Our views were slowly opening up and becoming quite stupendous. I was already thinking they’d be much better than a few months ago on Ochre Spring Peak which is just to the south of Chimper, on the other side of the Tokumm Creek Valley. Wietse was quite a ways behind me at this point, but I wasn’t too concerned as I knew my progress would likely slow significantly if the snow slopes were softer than I wanted them to be. I started up the narrow gully on firm, fast snow up to the crux cliff band above.

The cliffband proved to be the transition point from “good” to “very bad” snow. As I ascended the band on a mix of rock hard snow, water ice, rock and very soft snow, I noticed that there was more and more soft snow – the wallowing kind that sucks the life out of anyone foolish enough to wade through it. Wietse was already starting to catch up as I transitioned over the small cliffs and onto the pretty large snow slopes above. The snow didn’t want to slide, but it sure didn’t want to hold my weight either! The next few hours really sucked as I struggled and swore my way up towards the distant summit that never seemed to get closer. I think this was probably the most work I’ve done in a long time on snow.

It was a “double break” situation. I’d kick a step and try to make it hold my weight, which it would. Then I’d go to make another step and it would collapse another 6″! I was wallowing up to crotch deep many times. Making things worse, there are a number of 2-3′ rock bands on the slope and near each band the snow would turn to sugar, completely collapsing at the slightest bit of weighting. Needless to say, Wietse really started catching up at this point! Thankfully the snow remained surprisingly stable – it didn’t want to slide and there were no reactive layers.

Big views behind me as I continue to ascend.

Finally, after over over 4 hours I stumbled up to the summit. Our views, as expected, were some of the best I’ve had in this area. We didn’t want to linger due to the sun baking our steep, snowy ascent slopes and after 20 minutes in a cool breeze it was already time to start the descent.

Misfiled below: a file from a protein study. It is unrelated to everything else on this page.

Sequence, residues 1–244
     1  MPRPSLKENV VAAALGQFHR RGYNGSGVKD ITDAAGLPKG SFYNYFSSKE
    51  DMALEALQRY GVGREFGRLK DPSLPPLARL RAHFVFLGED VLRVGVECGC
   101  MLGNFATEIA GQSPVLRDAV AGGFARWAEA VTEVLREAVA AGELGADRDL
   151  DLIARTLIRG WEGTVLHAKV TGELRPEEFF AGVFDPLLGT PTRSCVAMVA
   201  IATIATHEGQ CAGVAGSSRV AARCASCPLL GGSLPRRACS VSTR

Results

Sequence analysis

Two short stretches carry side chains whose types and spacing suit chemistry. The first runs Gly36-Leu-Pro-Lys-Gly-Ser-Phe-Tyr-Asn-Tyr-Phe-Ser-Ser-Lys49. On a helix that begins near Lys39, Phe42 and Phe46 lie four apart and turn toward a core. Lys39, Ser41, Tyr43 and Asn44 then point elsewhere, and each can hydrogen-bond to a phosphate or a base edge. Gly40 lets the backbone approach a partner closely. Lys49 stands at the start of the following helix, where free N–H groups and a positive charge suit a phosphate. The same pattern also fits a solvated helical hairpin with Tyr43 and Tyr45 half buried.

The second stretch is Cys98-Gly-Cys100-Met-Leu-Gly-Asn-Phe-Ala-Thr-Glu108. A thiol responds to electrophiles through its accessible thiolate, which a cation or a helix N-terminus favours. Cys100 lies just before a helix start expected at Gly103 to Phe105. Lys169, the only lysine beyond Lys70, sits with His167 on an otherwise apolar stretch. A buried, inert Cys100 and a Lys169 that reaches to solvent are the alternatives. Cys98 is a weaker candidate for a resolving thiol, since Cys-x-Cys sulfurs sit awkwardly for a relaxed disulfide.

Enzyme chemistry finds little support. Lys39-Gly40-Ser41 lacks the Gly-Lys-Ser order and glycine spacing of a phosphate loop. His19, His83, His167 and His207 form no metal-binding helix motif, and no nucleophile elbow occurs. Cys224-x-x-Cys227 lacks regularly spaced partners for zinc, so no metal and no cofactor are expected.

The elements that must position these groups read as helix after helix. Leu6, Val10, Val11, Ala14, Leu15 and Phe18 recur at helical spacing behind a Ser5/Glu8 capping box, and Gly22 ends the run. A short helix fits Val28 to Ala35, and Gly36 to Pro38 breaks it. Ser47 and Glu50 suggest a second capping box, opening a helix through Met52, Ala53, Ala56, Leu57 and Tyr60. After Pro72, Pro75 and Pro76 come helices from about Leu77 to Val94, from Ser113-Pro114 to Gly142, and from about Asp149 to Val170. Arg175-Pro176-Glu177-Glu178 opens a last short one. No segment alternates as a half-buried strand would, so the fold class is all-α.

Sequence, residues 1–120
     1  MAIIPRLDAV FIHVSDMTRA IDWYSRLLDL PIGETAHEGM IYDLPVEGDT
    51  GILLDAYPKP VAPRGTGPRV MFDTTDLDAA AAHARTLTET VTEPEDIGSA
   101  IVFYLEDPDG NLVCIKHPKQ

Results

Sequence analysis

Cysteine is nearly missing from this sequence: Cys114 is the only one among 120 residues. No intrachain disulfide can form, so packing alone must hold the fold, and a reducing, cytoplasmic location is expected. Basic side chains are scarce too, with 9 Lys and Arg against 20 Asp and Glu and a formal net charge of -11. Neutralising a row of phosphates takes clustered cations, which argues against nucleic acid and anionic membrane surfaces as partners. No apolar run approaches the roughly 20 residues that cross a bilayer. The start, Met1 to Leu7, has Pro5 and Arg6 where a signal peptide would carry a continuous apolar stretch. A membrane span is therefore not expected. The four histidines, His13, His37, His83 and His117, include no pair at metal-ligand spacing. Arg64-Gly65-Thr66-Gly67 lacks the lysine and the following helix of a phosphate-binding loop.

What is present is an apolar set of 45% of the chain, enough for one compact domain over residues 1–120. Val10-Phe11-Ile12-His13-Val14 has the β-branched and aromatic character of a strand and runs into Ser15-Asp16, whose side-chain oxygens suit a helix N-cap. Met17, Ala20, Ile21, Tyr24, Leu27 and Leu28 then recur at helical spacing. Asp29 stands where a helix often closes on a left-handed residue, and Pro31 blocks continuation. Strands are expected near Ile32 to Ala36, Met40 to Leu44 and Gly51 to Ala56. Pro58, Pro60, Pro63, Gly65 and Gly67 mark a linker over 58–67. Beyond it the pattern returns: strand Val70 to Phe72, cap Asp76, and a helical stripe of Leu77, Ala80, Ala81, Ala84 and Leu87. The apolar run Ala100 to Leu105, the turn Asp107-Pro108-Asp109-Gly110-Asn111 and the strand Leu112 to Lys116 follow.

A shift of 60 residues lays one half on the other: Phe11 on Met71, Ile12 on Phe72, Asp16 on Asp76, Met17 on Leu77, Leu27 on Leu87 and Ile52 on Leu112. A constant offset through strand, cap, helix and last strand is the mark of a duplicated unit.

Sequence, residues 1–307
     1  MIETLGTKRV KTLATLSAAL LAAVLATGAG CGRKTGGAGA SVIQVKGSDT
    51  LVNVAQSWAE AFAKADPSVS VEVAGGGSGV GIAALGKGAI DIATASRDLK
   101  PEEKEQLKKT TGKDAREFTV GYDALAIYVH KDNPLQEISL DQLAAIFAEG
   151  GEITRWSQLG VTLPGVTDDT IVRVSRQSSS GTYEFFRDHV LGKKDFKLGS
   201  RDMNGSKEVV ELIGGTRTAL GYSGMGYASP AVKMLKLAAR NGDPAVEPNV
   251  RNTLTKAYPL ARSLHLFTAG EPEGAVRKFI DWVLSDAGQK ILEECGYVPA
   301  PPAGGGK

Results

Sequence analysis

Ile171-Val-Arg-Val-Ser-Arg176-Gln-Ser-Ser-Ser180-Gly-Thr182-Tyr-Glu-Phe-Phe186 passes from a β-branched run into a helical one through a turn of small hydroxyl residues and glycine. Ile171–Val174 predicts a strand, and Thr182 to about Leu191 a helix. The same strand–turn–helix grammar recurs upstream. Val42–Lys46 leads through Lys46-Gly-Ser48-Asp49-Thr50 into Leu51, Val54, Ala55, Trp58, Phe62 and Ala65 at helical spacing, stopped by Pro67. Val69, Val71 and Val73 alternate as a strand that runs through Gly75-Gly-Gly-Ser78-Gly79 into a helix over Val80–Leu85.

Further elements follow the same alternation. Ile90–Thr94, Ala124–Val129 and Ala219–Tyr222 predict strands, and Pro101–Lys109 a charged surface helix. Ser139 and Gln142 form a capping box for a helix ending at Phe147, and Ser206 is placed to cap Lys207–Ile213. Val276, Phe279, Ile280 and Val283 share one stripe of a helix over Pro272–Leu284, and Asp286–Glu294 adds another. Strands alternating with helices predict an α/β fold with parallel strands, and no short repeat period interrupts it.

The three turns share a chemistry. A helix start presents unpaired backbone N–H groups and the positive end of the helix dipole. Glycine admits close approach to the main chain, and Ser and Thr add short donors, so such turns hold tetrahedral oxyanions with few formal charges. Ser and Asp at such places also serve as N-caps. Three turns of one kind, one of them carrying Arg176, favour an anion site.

A massive panorama looking over the Tokumm Creek (L) and Vermillion River (R) valleys.
A massive panorama looking over the Tokumm Creek (L) and Vermillion River (R) valleys.
Wietse approaches the summit with views of the Fay Glacier at left and over the Vermillion River.
Wietse approaches the summit with views of the Fay Glacier at left and over the Vermillion River.

The descent was pretty quick, especially compared to the climb, but the crampons kept catching jagged rocks under the snow and throwing us off balance which wasn’t the most fun in the world. Thankfully the weather was beautiful and our views kept us somewhat distracted.

The cliff band was a little tricky with all the snow, but nothing too complex and soon we were glissading down the narrow gully to the drier lower scree / boulder valley leading to the top of the avalanche slope. We took a long break at the top of this slope, enjoying the summer-like conditions and even a few yellow larches before hiking back down the steep slopes to the trail far below. On return we checked out the very interesting Marble Canyon.

Walking back along Tokumm Creek.

I highly recommend Chimper Peak. If you’re a confident skier this peak would a very nice ski tour – albeit with significant avalanche risk and more technical than Chickadee Peak due to the cliff band. If you’re confident on steep snow and assessing avalanche conditions, I would recommend doing it in the Spring with a firm snowpack rather than the crapfest we endured! The views are stunning – even better than Ochre Spring and Whymper due to the location of this peak.

5 thoughts on Chimper Peak

  1. I totally messed up this trip, it looks like again I’m heading for the same peak as you, it happened recently can’t recall which mountain was that.
    Monday I was training twice, even in the evening until 8pm, and it cost me the trip on Tuesday.
    I ended up scrambling on the left before entering the cirque.
    I left the crampons at the car, so perhaps with only microspikes it wouldn’t been a good choice to continue anyway.
    I saw your guys tracks only on one section in the snow, in the gully where I turned left on the descent.
    I’ve also climbed Ochre Spring Peak, Boom Mt, Mt Whymper so I didn’t feel at all that I was craving the summit views this trip, though.
    BTW, on Tuesday there was a lot of mud along the approach trail, and it seems it’s not maintain, with Fay cabin sign still there and logs all over the trail after 2 km or so.
    Congrats on your new Website!

  2. Congratulations on your new website.
    Very much enjoying your larger format photos!


    • Thanks man. Yeah, the photos on my Zenfolio site are much bigger than what’s been available on explor8ion so far. Technology is great but it also sucks. By the time I’m done updating the site I’m sure it’ll need another update… 😐